Hibernation: a model of harmony between the intestines and their flora

Does health go out the window in cold weather? This is perhaps the case for some of us in the middle of winter, but not for hibernating animals, whose intestinal defense mechanisms are even strengthened, without harming their bacteria.


A team of American researchers reviewed different studies revealing what takes place in the intestines of animals that shut down over the winter. These include of course the symbolic brown bear, but especially ground squirrels—or Spermophilus— whose name means: “seed-loving” in Greek. Regulated like an August holidaymaker returning from vacation, these rodents hibernate from the end of August until Spring, no matter what happens. But the comparison ends there since these animals endure five to nine months of total fasting.

“Locavore” bacteria

These months of famine are a real challenge for their intestinal bacteria, whose diversity is thus substantially reduced during hibernation. The bacteria that can manage with the resources at hand are at an advantage, by feeding for example on mucins, sugar-rich fluids which cover the intestinal mucosa. Once this tough period has passed, the entire flora is reconstituted without difficulty when the squirrel resumes its feasting in Spring.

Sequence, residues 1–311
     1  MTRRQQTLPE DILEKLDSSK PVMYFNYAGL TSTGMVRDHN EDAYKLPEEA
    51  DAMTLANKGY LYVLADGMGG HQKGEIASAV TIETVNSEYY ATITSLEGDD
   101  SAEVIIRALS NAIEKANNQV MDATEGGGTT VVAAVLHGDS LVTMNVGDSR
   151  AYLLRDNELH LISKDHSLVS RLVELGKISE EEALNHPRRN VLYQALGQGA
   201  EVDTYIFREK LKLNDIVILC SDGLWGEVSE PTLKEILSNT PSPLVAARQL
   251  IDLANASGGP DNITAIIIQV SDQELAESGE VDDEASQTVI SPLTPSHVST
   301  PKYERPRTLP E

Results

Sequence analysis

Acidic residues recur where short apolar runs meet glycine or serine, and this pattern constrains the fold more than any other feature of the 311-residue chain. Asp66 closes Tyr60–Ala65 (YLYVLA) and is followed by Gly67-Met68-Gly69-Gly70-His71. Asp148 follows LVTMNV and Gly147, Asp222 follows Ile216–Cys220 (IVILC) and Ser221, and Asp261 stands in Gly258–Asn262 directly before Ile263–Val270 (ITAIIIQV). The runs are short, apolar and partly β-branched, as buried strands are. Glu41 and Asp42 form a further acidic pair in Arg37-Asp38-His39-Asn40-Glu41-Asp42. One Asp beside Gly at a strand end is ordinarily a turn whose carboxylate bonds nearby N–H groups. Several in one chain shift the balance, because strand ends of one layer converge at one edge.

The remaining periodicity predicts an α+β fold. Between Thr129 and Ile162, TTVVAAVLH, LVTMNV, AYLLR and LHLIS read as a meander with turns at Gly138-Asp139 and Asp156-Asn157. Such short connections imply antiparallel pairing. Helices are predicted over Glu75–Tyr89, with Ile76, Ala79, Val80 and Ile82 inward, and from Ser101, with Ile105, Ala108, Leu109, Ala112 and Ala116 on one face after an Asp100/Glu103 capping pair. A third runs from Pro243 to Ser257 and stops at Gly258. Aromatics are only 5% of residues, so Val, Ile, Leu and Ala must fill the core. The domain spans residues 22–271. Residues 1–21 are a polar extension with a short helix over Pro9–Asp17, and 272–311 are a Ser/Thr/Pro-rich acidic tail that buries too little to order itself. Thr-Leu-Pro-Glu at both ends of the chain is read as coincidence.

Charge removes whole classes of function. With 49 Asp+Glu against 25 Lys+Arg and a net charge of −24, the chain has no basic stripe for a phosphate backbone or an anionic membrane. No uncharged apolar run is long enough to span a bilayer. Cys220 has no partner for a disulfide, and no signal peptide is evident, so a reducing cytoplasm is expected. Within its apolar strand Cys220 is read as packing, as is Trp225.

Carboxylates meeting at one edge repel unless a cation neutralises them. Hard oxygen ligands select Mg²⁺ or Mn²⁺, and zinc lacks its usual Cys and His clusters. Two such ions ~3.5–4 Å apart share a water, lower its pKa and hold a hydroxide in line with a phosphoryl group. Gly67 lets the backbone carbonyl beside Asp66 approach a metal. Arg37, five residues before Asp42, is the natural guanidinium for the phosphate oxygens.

A model of tolerance

Despite this diet and flora upheavals, which would likely destabilize humans, the immune systems of hibernating animals do not turn against their beneficial bacteria. On the contrary, they become more tolerant while becoming stronger via the production of mucus that protects against the invasion of external microbes… feeding their own bacteria in the process.

Helping patients who are fed artificially

The immune system and the microbiota therefore adapt to each other during this period of intense deprivation. Medicine would like to take inspiration from this phenomenon to avoid complications in patients who are in intensive care, undergoing palliative care, suffering from severe bowel diseases, or from the side effects of chemotherapy. They are incapable of receiving nourishment except by infusion of nutrient solutions into the bloodstream (parenteral nutrition), and their weakened microbiota exposes them to inflammation and to infections that are sometimes generalized. Their salvation could therefore come from the study of these small-eared critters, true “sleeping beauties with paws” and whose intestines lie “awake”.



Carey et Assadi-Porter. The Hibernator Microbiome: Host-Bacterial Interactions in an Extreme Nutritional Symbiosis. Annu Rev Nutr 2017, 21;37:477-500.